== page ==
ARCHIVED - Broadcasting Public Notice CRTC 2002-7

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Broadcasting Public Notice CRTC 2002-7

Ottawa, 12 February 2002

Bulk billing by direct-to-home satellite distribution undertakings

In this notice, the Commission announces its intention to permit direct-to-home (DTH) distributors, upon application, to engage in the practice of bulk billing on the same basis as cable undertakings. The Commission invites DTH licensees to file applications for licence amendments that would remove the restrictions that prohibit them from engaging in bulk billing. The term "bulk billing" describes the practice whereby the owner or management of a multiple-unit dwelling acquires programming services from a broadcasting distribution undertaking (BDU) on a wholesale basis for redistribution to the residents of the building.


In Decision CRTC 2001-521 dated 24 August 2001, the Commission dealt with a complaint filed by Rogers Cable Inc. (Rogers), alleging that Star Choice Communications Inc. (Star Choice) had breached the terms of its DTH distribution licence by entering into bulk billing arrangements with owners of various multiple-unit dwellings (MUDs) in and around Toronto. Rogers cited Decision CRTC 96-529, which awarded Star Choice its DTH licence, but restricted Star Choice's authority to distribute programming services, as follows:

The service herein authorized, to be known as Star Choice, will derive its revenues entirely from subscription fees, and will provide programming services exclusively to individual subscribers in all parts of Canada on a DTH basis. (emphasis added by Rogers)


In Decision 2000-521 the Commission expressed concern that the inability of DTH providers to engage in the practice of bulk billing without restrictions, as cable companies currently do, may place DTH providers at a competitive disadvantage relative to other types of distribution undertakings. Accordingly, it issued on the same date Public Notice CRTC 2001-96 seeking comment on this issue.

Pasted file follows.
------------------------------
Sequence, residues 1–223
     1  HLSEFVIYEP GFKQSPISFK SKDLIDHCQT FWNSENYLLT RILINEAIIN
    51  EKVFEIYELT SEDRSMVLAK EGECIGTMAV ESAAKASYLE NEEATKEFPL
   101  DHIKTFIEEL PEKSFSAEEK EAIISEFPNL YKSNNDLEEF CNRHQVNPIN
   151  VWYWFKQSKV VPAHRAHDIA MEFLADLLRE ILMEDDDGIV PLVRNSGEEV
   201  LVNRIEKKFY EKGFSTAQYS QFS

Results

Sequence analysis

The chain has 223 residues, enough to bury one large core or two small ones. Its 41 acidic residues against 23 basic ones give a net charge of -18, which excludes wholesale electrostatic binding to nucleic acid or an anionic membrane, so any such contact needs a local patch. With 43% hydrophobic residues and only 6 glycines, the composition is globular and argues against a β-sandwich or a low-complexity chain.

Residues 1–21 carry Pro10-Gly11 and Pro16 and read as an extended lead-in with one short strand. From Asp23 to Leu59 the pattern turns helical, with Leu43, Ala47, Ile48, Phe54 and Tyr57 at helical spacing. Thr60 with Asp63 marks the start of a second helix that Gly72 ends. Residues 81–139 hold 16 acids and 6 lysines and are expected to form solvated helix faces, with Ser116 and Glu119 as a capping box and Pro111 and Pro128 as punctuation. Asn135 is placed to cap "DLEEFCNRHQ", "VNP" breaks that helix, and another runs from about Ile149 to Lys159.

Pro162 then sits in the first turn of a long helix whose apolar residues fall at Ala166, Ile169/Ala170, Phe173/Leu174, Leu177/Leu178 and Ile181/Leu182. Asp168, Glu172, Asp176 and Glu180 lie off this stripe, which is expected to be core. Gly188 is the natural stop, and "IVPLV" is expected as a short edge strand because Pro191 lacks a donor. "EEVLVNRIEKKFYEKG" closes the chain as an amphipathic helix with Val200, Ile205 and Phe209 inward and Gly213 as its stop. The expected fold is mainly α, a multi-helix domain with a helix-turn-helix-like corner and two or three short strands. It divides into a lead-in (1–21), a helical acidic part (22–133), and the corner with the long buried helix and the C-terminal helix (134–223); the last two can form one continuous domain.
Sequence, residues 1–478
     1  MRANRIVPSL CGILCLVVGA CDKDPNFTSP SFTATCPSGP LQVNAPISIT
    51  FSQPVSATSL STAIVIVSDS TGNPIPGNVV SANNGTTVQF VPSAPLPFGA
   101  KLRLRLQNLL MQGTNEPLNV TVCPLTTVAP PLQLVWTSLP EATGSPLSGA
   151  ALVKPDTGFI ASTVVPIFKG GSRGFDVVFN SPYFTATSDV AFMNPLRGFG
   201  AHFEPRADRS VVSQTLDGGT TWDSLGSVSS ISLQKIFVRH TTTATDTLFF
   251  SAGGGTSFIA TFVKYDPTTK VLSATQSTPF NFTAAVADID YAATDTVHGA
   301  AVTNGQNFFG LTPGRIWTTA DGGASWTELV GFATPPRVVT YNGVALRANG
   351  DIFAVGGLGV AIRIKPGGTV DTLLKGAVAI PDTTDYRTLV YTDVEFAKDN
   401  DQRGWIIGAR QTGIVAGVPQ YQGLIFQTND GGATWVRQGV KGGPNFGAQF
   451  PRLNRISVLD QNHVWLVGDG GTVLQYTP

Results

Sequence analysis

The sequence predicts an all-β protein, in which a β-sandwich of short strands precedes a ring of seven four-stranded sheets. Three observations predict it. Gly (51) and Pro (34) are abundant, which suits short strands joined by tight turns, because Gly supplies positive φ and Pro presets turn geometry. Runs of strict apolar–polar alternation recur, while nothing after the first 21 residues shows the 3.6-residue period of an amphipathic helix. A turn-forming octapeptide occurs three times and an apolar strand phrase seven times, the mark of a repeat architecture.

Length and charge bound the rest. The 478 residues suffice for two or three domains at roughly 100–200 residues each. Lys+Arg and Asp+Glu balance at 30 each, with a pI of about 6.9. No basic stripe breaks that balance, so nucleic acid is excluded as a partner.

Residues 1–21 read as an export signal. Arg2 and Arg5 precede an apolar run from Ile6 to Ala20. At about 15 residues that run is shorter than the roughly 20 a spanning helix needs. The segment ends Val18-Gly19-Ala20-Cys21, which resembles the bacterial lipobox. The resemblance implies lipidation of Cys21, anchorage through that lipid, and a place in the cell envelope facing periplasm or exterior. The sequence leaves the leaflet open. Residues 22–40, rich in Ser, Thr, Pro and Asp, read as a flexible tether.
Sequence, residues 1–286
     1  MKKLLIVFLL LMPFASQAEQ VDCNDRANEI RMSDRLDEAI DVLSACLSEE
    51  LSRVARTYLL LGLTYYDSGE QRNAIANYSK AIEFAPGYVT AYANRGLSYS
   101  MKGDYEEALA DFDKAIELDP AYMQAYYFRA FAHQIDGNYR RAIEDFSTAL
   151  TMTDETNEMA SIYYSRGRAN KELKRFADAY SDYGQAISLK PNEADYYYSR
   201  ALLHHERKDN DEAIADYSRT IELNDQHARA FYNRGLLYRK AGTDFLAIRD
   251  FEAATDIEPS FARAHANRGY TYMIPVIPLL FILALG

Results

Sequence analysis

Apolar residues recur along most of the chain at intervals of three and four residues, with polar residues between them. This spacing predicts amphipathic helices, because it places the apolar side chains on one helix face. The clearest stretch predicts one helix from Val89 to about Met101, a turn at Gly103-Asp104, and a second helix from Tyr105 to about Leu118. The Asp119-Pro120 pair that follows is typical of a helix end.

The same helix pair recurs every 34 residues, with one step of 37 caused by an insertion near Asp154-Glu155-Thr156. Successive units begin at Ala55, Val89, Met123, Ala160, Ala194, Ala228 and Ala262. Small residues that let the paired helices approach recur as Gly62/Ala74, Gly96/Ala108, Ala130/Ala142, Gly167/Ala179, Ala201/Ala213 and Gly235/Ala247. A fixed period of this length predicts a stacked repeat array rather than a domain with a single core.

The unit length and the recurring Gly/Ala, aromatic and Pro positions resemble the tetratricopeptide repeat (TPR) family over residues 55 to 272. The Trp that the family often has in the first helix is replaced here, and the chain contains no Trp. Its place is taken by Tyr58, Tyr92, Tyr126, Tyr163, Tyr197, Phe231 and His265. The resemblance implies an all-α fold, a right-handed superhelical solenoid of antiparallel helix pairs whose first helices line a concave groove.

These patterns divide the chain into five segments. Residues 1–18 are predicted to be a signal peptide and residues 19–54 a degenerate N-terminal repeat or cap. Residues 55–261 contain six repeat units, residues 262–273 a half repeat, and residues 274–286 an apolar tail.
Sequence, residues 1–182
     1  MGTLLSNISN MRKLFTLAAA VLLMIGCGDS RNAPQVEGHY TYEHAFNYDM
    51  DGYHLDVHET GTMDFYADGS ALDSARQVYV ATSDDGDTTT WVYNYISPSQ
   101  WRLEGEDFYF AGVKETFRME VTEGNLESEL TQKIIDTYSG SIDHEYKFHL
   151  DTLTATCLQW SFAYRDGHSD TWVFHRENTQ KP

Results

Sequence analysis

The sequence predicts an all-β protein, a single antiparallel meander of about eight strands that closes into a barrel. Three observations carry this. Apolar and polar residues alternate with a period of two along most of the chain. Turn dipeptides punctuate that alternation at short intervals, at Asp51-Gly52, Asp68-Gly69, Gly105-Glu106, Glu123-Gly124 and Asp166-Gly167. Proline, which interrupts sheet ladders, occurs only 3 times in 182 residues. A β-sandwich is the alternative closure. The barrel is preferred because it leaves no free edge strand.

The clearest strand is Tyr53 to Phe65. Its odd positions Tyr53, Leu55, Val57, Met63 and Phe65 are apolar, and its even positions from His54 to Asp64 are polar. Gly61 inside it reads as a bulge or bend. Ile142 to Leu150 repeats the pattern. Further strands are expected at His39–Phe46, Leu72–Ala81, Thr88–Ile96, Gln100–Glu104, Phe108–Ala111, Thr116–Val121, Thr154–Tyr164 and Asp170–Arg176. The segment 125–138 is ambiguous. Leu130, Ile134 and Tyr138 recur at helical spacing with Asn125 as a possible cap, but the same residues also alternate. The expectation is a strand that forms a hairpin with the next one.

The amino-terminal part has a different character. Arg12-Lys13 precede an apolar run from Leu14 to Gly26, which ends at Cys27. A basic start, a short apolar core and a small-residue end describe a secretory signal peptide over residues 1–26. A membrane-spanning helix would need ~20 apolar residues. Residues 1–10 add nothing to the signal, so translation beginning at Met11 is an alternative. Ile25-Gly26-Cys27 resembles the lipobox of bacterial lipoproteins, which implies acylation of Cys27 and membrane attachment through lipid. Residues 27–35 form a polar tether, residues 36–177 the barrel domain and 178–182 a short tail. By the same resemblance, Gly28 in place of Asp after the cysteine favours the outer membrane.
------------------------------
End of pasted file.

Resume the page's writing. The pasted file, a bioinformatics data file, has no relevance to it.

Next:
In that public notice, the Commission expressed its preliminary view that the public interest would best be served by permitting cable and DTH distributors to engage in the practice of bulk billing on the same basis. Since bulk billing by DTH licensees would not involve the distribution of their programming services exclusively to individual subscribers, the Commission noted that this would require amendments to the DTH licences currently held by Star Choice and Bell ExpressVu Limited Partnership (Bell ExpressVu).

Positions of the parties


In response to PN 2001-96, the Commission received comments from Rogers, Bell ExpressVu, Star Choice and Image Digital Cable Television. Bell ExpressVu argued that there is no policy rationale for allowing cable licensees, and not DTH licensees, to engage in bulk billing. According to Bell ExpressVu, to do so would run counter to the goal of competition and would not benefit customers. Bell ExpressVu argued that bulk billing would allow a service provider to design its packaging in a way that maximizes its appeal to potential customers, and that "creative new marketing arrangements have obvious advantages" for the residents of multiple-unit dwellings.


Star Choice stated that there is considerable demand for bulk billing arrangements by building owners and associations, characterizing these arrangements as "an important means of distinguishing between service providers in a competitive marketplace". Star Choice added that the current limitation on bulk billing by DTH providers has hampered its ability to compete on an equal footing with cable distribution undertakings in MUDs.